The Government’s spending watchdog has opened a fresh investigation into a charity with links to David Cameron that was wound up after allegations that it had misused public funds.
The National Audit office said it would examine whether “systemic problems” had affected the way grants were given to the Big Society Network by the Cabinet Office and the Big Lottery Fund.
The Network, which was launched by the Prime Minister in 2010, was given at least £2.5m of National Lottery funding and public-sector grants despite having no record of charitable activity.
Its charitable arm, the Society Network Foundation, has now been wound up, having used much of the money on projects that came nowhere near achieving their promised objectives.
The new NAO investigation follows an initial report on grants given to the charity, published in July, and further revelations, also published in July, in The Independent and Civil Society News.
Its new report is due to be published by the end of the year and is expected to trigger an inquiry into the charity’s activities by the powerful Public Accounts Committee.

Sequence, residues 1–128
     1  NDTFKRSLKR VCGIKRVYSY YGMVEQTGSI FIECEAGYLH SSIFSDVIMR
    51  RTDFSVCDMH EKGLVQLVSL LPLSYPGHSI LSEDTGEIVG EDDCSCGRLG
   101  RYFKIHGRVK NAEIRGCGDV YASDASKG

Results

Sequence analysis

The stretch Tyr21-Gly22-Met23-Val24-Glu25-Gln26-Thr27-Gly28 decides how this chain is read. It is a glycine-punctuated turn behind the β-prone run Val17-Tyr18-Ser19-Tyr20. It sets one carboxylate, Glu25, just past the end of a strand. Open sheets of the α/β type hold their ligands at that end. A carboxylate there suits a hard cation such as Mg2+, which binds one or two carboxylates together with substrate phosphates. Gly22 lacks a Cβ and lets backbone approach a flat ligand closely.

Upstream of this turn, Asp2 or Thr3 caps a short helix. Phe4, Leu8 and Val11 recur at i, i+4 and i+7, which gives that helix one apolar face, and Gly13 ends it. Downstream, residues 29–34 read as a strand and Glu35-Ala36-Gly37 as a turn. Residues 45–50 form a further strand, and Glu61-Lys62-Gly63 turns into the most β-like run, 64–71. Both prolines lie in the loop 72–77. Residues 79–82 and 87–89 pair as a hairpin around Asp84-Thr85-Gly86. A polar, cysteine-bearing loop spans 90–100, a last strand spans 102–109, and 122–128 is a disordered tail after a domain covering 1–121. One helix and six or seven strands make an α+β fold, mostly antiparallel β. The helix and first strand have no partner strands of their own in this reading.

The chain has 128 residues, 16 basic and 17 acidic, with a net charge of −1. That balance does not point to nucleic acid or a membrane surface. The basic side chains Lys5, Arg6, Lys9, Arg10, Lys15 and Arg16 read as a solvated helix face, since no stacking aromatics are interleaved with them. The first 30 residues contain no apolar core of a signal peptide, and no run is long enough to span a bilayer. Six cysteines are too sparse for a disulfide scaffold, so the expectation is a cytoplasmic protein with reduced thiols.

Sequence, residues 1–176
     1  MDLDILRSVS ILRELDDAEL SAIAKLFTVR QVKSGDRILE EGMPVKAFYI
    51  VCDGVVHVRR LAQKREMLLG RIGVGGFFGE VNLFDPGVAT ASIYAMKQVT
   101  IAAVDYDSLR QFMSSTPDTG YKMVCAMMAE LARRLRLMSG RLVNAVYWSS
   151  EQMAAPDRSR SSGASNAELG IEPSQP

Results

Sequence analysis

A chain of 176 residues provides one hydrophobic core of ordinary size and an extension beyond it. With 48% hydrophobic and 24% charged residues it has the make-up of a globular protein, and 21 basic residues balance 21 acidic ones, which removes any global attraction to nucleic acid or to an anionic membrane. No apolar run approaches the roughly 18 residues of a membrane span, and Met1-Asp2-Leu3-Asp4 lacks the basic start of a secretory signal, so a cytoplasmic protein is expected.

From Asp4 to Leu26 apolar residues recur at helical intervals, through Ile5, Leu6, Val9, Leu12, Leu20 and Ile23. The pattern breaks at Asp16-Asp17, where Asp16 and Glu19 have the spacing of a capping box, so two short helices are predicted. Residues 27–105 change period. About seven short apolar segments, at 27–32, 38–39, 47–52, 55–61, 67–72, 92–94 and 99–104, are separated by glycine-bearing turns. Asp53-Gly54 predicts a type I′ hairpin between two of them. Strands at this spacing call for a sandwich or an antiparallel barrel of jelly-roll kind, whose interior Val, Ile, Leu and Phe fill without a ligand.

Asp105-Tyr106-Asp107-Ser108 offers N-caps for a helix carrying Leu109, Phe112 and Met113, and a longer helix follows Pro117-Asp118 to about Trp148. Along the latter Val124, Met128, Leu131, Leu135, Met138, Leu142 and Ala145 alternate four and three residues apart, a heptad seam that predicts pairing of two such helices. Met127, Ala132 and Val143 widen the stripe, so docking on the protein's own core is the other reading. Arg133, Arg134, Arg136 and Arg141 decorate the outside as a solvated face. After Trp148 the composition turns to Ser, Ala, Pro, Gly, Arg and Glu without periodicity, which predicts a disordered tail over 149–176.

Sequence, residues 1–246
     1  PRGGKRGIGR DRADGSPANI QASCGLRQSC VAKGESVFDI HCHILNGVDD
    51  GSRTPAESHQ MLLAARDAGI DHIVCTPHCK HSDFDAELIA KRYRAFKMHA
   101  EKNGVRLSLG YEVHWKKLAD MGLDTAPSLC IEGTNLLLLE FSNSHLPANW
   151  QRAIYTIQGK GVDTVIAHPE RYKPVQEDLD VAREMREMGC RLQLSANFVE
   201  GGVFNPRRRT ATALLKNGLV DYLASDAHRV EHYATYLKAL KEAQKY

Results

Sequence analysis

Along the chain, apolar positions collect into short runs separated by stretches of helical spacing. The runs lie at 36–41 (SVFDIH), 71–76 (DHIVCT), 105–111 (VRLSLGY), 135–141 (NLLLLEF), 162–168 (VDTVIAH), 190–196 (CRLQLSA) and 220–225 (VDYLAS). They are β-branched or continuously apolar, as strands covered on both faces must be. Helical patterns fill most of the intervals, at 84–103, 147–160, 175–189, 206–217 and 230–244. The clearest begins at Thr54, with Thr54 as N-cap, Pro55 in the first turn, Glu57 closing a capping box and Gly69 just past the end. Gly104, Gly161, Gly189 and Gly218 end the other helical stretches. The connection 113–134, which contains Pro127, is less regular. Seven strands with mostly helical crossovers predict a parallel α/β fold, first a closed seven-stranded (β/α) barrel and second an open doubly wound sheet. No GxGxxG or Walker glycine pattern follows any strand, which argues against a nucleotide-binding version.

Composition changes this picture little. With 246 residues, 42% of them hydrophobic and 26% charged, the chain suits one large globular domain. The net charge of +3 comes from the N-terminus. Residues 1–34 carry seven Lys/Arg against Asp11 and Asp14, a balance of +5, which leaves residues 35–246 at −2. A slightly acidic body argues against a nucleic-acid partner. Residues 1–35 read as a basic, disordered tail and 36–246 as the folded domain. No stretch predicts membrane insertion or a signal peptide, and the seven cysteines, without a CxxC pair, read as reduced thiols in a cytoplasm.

That inquiry is likely to look at links between the charity and senior figures in Downing Street and the Conservative Party, and to find out whether pressure was brought to bear to ensure the network received public funding.
One of the trustees of the charity was close to David Cameron’s former advisor Steve Hilton and another was a significant Conservative donor.
Lisa Nandy, shadow minister for civil society, welcomed the NAO’s decision to open another investigation. “We are still in the dark about how millions of pounds of public money were squandered by an organisation with no track record but strong links to the Conservative Party,” she said.
A Cabinet Office spokesperson said: “The Cabinet Office is aware of the investigation and is co-operating fully with it.”
The trustees of the Society Network Foundation said they were “surprised” by the NAO follow up study as, they said, a recent report had found no evidence that ministers or officials had instructed the charity should be given Government funding.
“We are now seeking clarification to establish the criteria that NAO chose to undertake a review of certain SNF/BSN publicly-funded projects and not others,” they added.Reuse content